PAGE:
All underdogs together then, the London Irish shake off the banana skins of Euston and start on the golden and liquid journey to Lansdowne Road. As on Flecker’s road to Samarkand, women are hardly encouraged to accompany them (though, many more women do go to Lansdowne Road than to Cardiff Arms Park, perhaps because the Welsh, while much more sexy, are also by nature more restrictive). Anyhow both the playing and the watching of Rugby are largely a matter of male ritual; it stands to some other sports as Mithraism stood to Christianity, and its emblem too might be the Bull. Both the physical violence involved and the endless chewing over of statistics, records and anecdotes appeal, of course, to adolescents. All the same the adolescent, like the child, has a right to survive in the adult; we don’t all want to grow up into Shaw’s horrible old sages.
If the Ancient Greeks had made our unnatural dichotomy between brain and brawn – or, as Oxford used to put it, between “aesthetes” and “hearties” – the fifth century BC would have been the poorer both in literature and sculpture. While many British intellectuals still look down on Rugby (association football seems to have more appeal, for instance, to logical positivists), I am glad to have met at least one poet who had once played full back for Scotland – “when the other full back”, he modestly explained, “was crocked”. This highly sensitive young man held forth at length on the mystique of it all. But naturally our code, with its oval ball and consequent unpredictability, must appeal more to the poet than to the scientist. Another obvious reason why many poets like it is its sheer animality. An Irishman once said to me of a famous Irish forward: “If he came in here now you’d think him a harmless big slob of a fellow – but put him on the field and he’ll kick his grandmother to bits.” That is the language of Homer.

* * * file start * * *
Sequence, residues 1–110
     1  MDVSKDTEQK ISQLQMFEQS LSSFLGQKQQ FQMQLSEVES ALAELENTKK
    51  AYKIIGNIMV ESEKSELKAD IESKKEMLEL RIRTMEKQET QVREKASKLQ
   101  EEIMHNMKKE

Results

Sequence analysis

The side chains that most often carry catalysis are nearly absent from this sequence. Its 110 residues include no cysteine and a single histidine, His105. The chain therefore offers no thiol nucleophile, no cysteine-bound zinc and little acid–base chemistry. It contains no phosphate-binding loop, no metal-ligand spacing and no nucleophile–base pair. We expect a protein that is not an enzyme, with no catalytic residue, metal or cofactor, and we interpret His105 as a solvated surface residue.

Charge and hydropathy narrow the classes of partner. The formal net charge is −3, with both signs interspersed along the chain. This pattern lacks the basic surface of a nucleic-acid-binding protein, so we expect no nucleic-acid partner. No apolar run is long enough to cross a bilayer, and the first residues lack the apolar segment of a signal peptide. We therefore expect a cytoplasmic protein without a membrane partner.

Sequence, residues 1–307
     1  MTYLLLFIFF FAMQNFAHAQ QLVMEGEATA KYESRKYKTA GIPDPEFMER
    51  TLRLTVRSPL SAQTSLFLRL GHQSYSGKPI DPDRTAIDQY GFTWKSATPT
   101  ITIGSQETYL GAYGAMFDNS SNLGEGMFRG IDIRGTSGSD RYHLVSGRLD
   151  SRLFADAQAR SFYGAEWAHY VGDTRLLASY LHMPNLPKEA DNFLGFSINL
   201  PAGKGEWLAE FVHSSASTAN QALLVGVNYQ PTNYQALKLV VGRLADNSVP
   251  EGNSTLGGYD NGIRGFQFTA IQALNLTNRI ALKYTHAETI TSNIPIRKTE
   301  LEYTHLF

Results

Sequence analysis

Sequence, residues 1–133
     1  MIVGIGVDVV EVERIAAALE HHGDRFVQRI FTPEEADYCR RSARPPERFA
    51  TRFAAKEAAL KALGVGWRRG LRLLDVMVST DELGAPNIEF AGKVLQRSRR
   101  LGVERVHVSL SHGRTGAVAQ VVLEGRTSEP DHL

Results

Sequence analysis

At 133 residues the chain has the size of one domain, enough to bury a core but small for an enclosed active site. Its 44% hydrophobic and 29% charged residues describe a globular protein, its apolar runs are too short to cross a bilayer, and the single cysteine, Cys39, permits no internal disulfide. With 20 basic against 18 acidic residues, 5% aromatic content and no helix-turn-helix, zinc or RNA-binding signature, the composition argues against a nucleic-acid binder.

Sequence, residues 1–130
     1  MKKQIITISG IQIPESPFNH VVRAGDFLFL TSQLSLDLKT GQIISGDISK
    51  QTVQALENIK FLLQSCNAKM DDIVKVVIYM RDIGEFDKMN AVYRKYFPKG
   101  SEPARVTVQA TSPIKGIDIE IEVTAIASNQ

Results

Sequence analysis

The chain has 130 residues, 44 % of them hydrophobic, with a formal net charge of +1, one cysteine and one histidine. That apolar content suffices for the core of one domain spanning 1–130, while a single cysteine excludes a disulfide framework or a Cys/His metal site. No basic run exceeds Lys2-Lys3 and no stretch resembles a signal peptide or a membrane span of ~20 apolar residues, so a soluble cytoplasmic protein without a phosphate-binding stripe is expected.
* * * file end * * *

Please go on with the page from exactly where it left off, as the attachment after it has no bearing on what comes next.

In the four home countries the game varies in status. In England, at least in the south, it still remains largely a snob game smelling of the public schools (remember The Loom of Youth?). It is very different in Wales, where the goalposts are rooted in the coalface. In Ireland it is something in between; there are grounds in Munster where visiting sides have faced stoning. One notable fact about modern Irish international teams, as compared with ancient ones, can be proved by looking at the names on the programmes. The “Ascendancy” names have gone out and “native Irish” names come in. As for the international grounds, each has a very distinctive character. Lansdowne Road has the prehistoric charm of the Irish pipes, and the unique hazard of a level crossing just outside it. Still the whistle of the railway engines is just as much a part of its persona as the strains of Let Erin Remember.
As for this year’s England match, Erin will only remember it with sorrow; she had all the chances and threw them away. But this did not affect the ritual of the Bull. For the rest of that day, in the Shelbourne and the Dolphin and Jammet’s and innumerable bars and “bonafides”, the Bull stood chewing the cud, up to his withers in porter. “If only the selectors had a titter of wit” … “If only that drop-kick had gone one foot to the left”… “If only they’d tried a Garryowen when”… “If only Jackie Kyle had been playing!” And so, but very late, to bed to dream of Europa – which means to say, of the next match.
Read more from the NS archive here, and sign up to the weekly “From the archive” newsletter here. A selection of pieces spanning the New Statesman’s history has recently been published as “Statesmanship” (Weidenfeld & Nicolson).